The German government bans Jews from membership in the German Labor Front. Because membership in the German Labor Front is mandatory for wage laborers and salaried employees, this decree effectively deprives Jews of the opportunity to find positions in the private sector and denies to those already employed the benefits available to non-Jews.
June 30-July 2
In the “Röhm Affair,” also known as “Night of the Long Knives,” Hitler orders the purge of the top leadership of the Nazi Party paramilitary formation, the SA (Sturmabteilungen; Assault Detachments). Pressured by German army commanders, whose support Adolf Hitler needed to become President of Germany upon Paul von Hindenburg's impending death, Hitler used the SS to murder SA Chief of Staff Ernst Röhm and his top commanders on June 30–July 2. The SS also murders several present and past conservative critics of the Nazi regime including Hitler's predecessor as Chancellor, General Kurt von Schleicher, and the former Bavarian Minister-President, Gustav von Kahr. At Hitler's request, the German parliament (Reichstag) declares the killings legal after the fact, based on the false accusation that Röhm and his commanders had planned to overthrow the government.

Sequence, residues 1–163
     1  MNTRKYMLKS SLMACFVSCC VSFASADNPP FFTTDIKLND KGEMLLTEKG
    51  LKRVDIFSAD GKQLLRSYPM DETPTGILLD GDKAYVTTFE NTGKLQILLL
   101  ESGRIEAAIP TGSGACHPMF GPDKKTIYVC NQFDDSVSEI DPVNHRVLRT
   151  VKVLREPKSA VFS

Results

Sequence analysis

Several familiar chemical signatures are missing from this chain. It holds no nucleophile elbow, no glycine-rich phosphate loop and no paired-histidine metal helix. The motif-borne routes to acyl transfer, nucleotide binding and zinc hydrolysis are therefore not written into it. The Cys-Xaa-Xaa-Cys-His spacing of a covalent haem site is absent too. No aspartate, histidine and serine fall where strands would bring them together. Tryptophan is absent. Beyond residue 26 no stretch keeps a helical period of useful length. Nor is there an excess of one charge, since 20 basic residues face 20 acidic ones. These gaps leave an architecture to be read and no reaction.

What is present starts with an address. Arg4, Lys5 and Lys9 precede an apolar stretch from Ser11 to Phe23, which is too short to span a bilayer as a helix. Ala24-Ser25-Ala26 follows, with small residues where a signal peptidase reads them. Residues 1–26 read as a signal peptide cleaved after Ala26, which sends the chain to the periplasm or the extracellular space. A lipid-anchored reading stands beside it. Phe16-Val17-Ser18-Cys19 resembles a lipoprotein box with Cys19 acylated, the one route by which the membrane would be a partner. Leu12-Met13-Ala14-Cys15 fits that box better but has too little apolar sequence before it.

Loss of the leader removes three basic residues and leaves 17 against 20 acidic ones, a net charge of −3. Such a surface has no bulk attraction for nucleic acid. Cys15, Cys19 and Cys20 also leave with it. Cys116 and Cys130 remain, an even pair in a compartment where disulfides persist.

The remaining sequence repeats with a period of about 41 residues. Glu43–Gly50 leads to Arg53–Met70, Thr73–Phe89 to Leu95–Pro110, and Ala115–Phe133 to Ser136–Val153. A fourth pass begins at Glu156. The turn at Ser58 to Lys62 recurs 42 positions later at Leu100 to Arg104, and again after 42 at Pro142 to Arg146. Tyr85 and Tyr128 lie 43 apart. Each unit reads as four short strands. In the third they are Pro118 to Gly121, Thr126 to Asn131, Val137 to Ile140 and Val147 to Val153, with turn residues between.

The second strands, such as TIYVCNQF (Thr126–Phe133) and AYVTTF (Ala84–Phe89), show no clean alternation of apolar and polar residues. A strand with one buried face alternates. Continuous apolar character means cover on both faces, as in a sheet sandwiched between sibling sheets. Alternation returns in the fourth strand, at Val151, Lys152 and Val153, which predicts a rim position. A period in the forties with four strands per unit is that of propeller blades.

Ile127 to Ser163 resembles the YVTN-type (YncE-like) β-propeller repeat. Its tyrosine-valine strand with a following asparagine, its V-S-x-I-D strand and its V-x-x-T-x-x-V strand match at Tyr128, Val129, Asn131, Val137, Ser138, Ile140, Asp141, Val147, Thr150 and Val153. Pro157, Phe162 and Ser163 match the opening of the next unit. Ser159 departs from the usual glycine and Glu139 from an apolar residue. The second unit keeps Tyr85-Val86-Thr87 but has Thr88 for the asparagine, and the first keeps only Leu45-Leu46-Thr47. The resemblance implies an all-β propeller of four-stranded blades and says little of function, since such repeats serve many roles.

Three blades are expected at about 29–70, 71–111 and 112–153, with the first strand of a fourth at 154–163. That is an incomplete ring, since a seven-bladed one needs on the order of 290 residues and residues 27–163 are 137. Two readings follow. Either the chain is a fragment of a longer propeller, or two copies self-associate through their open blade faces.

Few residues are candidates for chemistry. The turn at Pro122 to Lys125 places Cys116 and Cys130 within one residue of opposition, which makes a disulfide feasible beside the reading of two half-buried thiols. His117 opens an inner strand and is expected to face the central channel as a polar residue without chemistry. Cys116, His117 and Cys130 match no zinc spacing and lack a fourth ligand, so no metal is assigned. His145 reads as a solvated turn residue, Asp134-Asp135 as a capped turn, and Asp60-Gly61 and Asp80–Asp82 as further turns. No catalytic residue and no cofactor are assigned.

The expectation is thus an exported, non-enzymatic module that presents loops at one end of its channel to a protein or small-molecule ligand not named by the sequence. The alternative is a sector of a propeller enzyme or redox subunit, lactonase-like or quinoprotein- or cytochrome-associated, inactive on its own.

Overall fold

As reward for its role in the Röhm purge of June 30–July 2, Hitler decrees the SS, under Reichsführer SS (SS chief) Heinrich Himmler, to be an independent formation of the Nazi Party, directly subordinate only to Hitler himself as Führer (leader). The SS had formerly been subordinate to the SA.
German President von Hindenburg dies. With the support of the German armed forces, Hitler becomes President of Germany.
Hitler abolishes the office of President and declares himself Führer of the German Reich and People, in addition to his position as Chancellor. In this capacity as Führer, Hitler's decisions are not bound by the laws of the state. Hitler now becomes the absolute dictator of Germany; there are no further legal or constitutional limits to his authority.
In standardized letters sent to the government, congregations of Jehovah's Witnesses all over Germany declare political neutrality, while rejecting government restrictions on the practice of their religion.
SS chief Himmler consolidates control over and de facto unifies the German state political police forces into the Gestapo office in Berlin under the authority of his deputy, Reinhard Heydrich.
December 10, 1934
SS chief Himmler creates the Inspectorate of Concentration Camps under the leadership of SS General Theodor Eicke. This move formalizes the SS takeover and centralization of the concentration camp system that had taken place in July 1934.